On a recent June day, a couple with an appointment dropped by to test drive a Tesla but decided to wait for a model with more features that Ihnatovich would be bringing into the showroom soon. Generally, he sold about a dozen cars a month before the pandemic, although even then the numbers changed without discernible reasons.
During the pandemic, he has added a few car-oriented websites to his advertising budget, hoping that people stuck at home would spend more time online. But the boost in advertising resulted in less traffic to his website than last year as Minnesotans tightened their budgets as the pandemic grew, he said.
Ihnatovich unexpectedly saw an uptick in calls last week compared to previous weeks. Part of that could be a result of Gov. Walz’s move to gradually loosen restrictions to allow retail stores and restaurants to reopen with safeguards in place.
In early June, Ihnatovich had an inventory of 27 cars, at least six or seven more than typically available. Prices reflect the age and their charging range. An electric vehicle with a 200-mile range costs more than one able to travel half that distance on a charge.
Prices range from about $8,000 to the low $30,000s, with Fiats on the lower end and Chevy Bolts and Nissan Leafs, Teslas, and BMWs on the higher end. “The bigger the range, the higher priced the cars,” he said. Though Teslas generally cost in the low $30,000 price range, they lately have sold faster than any other model, Ihnatovich said.
When asked why buyers sought the expensive cars, he said a few clients pointed to lower pandemic household expenses permitting a splurge on a Tesla. Others liked the convenience of the company’s extensive charging network, with one client telling him of how he planned a trip in his Tesla to Oregon on a route filled with recharging stations.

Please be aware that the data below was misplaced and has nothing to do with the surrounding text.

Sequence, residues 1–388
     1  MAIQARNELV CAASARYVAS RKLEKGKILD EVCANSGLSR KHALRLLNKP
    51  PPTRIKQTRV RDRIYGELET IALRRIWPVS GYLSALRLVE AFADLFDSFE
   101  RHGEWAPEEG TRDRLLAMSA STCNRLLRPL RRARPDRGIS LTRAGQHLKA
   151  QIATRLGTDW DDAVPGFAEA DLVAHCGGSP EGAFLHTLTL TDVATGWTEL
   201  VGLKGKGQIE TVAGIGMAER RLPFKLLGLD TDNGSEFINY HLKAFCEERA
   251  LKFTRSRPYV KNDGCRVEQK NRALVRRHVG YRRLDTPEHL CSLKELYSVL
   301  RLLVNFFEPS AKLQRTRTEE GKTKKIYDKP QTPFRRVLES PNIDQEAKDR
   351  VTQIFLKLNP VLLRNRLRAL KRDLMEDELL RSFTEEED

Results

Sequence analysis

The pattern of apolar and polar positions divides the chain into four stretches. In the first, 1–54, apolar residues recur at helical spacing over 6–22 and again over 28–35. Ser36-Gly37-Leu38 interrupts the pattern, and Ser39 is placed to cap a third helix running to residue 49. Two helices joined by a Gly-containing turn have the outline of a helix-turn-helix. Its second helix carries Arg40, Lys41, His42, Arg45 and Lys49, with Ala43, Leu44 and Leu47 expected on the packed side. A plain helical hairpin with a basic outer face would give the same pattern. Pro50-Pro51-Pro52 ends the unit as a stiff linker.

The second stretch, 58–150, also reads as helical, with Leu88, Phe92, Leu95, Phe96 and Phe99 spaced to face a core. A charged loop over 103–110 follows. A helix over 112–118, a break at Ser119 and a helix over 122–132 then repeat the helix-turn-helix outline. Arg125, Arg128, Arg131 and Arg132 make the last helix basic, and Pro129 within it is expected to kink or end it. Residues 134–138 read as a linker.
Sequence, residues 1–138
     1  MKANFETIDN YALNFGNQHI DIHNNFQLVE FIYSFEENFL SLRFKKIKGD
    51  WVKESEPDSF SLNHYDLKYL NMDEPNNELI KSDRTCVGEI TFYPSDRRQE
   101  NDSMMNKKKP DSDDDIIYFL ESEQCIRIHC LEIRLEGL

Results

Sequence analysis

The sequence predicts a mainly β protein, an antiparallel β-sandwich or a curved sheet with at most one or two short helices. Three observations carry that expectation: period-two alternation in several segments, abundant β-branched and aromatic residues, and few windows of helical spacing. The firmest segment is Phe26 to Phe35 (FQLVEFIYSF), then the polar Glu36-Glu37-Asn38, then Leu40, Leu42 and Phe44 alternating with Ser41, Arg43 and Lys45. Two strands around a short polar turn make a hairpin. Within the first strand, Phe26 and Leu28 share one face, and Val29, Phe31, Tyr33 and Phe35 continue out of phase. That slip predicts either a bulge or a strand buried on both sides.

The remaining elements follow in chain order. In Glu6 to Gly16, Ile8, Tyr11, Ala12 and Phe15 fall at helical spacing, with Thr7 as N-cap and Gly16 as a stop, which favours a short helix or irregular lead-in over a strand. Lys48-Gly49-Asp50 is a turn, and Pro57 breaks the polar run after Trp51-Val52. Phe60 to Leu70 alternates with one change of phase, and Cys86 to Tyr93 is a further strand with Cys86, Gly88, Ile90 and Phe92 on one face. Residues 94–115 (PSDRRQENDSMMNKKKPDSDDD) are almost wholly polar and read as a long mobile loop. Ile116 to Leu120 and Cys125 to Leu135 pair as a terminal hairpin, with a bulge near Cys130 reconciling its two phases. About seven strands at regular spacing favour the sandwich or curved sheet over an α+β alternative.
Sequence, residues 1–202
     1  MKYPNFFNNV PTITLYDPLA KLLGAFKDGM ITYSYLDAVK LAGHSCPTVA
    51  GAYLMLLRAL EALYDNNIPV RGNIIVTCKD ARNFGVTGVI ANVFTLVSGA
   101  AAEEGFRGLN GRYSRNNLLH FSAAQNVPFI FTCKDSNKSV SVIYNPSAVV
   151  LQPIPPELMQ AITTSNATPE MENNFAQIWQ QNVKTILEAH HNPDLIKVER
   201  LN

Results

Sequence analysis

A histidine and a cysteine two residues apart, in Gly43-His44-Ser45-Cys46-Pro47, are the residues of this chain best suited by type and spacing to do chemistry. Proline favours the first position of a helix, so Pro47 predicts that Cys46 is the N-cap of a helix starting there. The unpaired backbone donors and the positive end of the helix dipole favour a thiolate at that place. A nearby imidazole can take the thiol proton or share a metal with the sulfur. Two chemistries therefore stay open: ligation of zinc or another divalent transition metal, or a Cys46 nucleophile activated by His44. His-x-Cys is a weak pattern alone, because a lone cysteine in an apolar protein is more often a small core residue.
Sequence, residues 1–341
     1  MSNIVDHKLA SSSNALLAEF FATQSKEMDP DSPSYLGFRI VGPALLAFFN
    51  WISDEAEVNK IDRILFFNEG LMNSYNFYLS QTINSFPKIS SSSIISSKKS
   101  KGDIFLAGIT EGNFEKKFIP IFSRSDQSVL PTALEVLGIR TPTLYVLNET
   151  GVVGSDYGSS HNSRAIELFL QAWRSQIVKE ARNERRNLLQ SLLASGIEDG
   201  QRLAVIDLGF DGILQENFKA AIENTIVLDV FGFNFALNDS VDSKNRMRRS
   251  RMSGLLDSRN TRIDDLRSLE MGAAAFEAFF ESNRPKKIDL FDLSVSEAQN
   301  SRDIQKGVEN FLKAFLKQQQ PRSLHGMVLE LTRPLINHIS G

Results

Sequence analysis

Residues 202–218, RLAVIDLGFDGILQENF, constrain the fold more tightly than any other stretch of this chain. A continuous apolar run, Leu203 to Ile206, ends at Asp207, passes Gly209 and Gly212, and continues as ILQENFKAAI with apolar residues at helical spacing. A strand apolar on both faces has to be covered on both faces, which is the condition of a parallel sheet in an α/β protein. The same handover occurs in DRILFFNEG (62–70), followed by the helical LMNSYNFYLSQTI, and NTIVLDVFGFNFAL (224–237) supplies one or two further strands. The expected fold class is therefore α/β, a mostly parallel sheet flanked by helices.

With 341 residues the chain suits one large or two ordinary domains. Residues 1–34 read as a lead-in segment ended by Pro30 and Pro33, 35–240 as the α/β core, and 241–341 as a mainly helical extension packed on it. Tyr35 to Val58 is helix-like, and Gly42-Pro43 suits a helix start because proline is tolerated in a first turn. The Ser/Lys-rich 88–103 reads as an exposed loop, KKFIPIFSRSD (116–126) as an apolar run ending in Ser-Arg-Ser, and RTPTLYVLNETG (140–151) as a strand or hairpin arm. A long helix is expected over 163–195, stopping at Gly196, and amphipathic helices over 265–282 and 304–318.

Ihnatovich finds his buyers represent a different breed of customer than those buying gasoline-powered cars. They often come armed with an in-depth knowledge of the technology, brands and strengths and weaknesses of individual models. His first question concerns how the client plans to use the car.
“If it’s the second car and they plan to drive around the [Twin] Cities, EVs are a great option because they will save on maintenance and fuel, even at today’s prices,” Ihnatovich said. “There are options where you can charge for free at public places or work. But the main thing is the range and how far they typically travel every day.”
Nearly all buyers want electric vehicles for their environmental attributes, he said, and are less interested in cost savings accrued from not having to purchase gas. Reaching other potential buyers unacquainted with the advantages of electric vehicles ended when the events sponsored by Drive Electric Minnesota, Shift2Electric and Xcel Energy stopped during the pandemic, Ihnatovich said.
The expansion of Minnesota’s charging network and chargers’ presence in more apartment buildings has helped sales. Several highways have more than enough chargers to take care of drivers, especially on Interstate 94 to Milwaukee to the east and Fargo to the west, he said.
The governor’s staff has been working on a new clean car standard intended to increase the number of electric models available at dealerships. Ihnatovich supports the new rules, which have not yet taken effect, because they should allow him to sell a more extensive selection of models and brands.
Even low gas prices and the financial challenges faced by many potential customers have not dampened his optimism. “I feel confident; there’s not going to be a switch where people don’t want electric cars,” he said. “They are getting better and more interesting.”